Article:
When dealing with a divorce in Wisconsin, courts must give careful consideration to the division of existing property, assets, and debts that a couple may have, as well as how to divide future obligations and income, if necessary. While Wisconsin courts typically start from the presumption that marital property should be divided equally between two spouses, such arrangements can be modified when it would be in the interest of the courts and the couple to do so. A recent Wisconsin Court of Appeals case considered and applied a creative approach for resolving spousal maintenance issues between a couple by instead offering one spouse an additional lump sum property award.
Mr. and Mrs. K. were married for over 37 years. During that time, Mr. K. worked as a business owner, while Mrs. K. stayed home to raise their children. Since Mr. K. had worked for much longer than Mrs. K., upon retirement, he received a Social Security payment of $1,900 a month, while Mrs. K. received less than half of that, only $700. At the time of the divorce, the couple owned collectively approximately $837,000 in assets. Starting with the presumption of equal division of property, the court assumed that each spouse was entitled to $418,500 in assets. However, the court also noted that since Mrs. K. had given up a career to raise children and, as a result, now experienced lower Social Security payments, she was also entitled to a monthly award of spousal maintenance from Mr. K. Recognizing that this maintenance award would be difficult for Mr. K. to pay on a limited Social Security income, the court instead decided to give Mrs. K. the more valuable of the two homes owned by the couple, which was worth an additional $108,000 in assets. The court determined that this additional lump sum payment was equivalent to approximately 14 years of maintenance payments and satisfied Mr. K.’s maintenance obligations. Mr. K. appealed this arrangement.
Mr. K. argued on appeal that it was improper for the court to award vastly different property distributions in lieu of spousal maintenance payments. The court noted that while it was true that Mrs. K. received markedly more valuable property than Mr. K., this was not done with the intent to unequally distribute assets but to address spousal maintenance at the same time. Thus, the two spouses started with the presumption of equal property ownership, but Mrs. K. was awarded more property to compensate her for the spousal maintenance that she was entitled to receive. The Court of Appeals held that this was fair and equitable under the circumstances of the case, and it was supported by the factors considered by the Court. These included the fact that Mrs. K. had sacrificed much over the course of her lifetime to support Mr. K.’s career, and she would otherwise be penalized for such sacrifices because her Social Security was so much smaller.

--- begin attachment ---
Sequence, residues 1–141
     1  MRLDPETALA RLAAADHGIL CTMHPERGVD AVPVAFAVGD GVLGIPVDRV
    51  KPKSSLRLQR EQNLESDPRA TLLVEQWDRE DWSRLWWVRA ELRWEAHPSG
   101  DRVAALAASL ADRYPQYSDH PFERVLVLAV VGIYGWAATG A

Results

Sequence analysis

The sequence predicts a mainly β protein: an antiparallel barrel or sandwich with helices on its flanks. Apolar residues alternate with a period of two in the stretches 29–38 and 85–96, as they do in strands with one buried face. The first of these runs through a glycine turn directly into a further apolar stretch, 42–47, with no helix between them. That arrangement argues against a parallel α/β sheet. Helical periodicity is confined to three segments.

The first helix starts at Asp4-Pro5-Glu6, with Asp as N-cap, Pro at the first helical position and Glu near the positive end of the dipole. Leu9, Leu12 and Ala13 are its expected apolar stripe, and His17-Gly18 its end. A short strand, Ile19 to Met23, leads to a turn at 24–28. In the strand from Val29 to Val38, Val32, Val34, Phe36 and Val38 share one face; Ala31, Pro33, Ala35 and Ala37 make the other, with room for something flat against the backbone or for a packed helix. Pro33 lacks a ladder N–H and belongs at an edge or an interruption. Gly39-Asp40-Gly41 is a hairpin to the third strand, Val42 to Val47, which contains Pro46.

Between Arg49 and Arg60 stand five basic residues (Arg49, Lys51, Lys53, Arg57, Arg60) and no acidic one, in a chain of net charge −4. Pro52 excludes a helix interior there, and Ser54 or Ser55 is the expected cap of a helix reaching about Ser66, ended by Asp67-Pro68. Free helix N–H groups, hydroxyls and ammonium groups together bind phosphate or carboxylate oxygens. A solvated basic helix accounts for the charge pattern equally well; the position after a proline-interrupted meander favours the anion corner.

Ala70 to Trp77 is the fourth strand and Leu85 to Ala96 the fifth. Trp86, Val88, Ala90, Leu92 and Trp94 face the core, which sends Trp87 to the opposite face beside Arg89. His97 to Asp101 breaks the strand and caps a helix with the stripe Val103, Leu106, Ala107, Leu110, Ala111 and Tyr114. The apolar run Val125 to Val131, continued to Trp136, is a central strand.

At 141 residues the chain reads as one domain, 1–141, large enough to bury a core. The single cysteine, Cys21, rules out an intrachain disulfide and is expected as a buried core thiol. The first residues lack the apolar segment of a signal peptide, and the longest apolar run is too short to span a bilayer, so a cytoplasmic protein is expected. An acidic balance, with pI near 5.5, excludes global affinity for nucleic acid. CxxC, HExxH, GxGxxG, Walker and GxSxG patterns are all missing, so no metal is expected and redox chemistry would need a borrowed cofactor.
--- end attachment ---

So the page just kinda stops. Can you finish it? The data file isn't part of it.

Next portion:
In light of the circumstances and Mrs. K.’s willingness to take a lump sum payment rather than monthly spousal maintenance payments for the duration of Mr. K.’s lifetime, the Court of Appeals held that the arrangement was a logical resolution and well within the sound discretion of the court. If you are considering divorce or are facing the possibility of a difficult division of property in Wisconsin, you should discuss your rights and options with an experienced Milwaukee family law attorney as soon as possible. To speak with a knowledgeable Milwaukee divorce lawyer today, do not hesitate to contact the law offices of Reddin & Singer, LLP online or give us a call at 414-271-6400.